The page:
MHC-assortative facial preferences in humans

S. Craig Roberts, Anthony C. Little, L. Morris Gosling, Benedict C. Jones, David I. Perrett, Vaughan Carter, Marion Petrie

Research output: Contribution to journalArticlepeer-review

58 Citations (Scopus)

Abstract

Individuals tend to choose mates who are sufficiently genetically dissimilar to avoid inbreeding. As facial attractiveness is a key factor in human mate preference, we investigated whether facial preferences were related to genetic dissimilarity. We asked female volunteers to rate the attractiveness of men from photographs and compared these results with individual genotypes at the major histocompatibility complex (MHC). In contrast to previously reported preferences based on odour, we found a non-significant tendency for women to rate MHC-similar faces as more attractive, suggesting a preference for cues to a self-similar MHC in faces. Further analysis revealed that male faces received higher attractiveness scores when rated by women who were MHC-similar than by MHC-dissimilar women. Although unexpected, this MHC-similar facial preference is consistent with other studies documenting assortative preferences in humans, including for facial phenotype.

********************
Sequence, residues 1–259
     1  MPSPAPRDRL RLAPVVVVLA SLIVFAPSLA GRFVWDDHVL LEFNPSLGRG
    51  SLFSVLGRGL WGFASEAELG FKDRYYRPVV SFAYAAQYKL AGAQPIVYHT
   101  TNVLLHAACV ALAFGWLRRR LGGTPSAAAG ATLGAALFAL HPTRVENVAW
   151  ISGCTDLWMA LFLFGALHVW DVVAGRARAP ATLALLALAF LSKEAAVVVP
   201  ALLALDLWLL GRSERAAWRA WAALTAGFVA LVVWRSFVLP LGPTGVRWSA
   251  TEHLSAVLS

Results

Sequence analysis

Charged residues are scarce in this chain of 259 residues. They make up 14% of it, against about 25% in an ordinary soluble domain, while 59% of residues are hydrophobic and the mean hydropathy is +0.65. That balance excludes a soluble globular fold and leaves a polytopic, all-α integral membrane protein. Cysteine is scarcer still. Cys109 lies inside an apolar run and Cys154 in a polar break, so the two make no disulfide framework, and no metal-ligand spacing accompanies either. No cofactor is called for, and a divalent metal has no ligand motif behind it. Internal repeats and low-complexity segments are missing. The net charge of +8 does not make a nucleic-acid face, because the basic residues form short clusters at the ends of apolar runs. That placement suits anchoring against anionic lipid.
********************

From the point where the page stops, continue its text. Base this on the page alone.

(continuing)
Original languageEnglish
Pages (from-to)400-403
Number of pages4
JournalBiology Letters
Volume1
Issue number4
DOIs
Publication statusPublished - 22 Dec 2005

Keywords

  • Beauty
  • Good genes
  • Heterozygosity
  • HLA
  • Imprinting
  • Mate choice

ASJC Scopus subject areas

  • Agricultural and Biological Sciences(all)
  • Agricultural and Biological Sciences (miscellaneous)

Fingerprint Dive into the research topics of 'MHC-assortative facial preferences in humans'. Together they form a unique fingerprint.

Cite this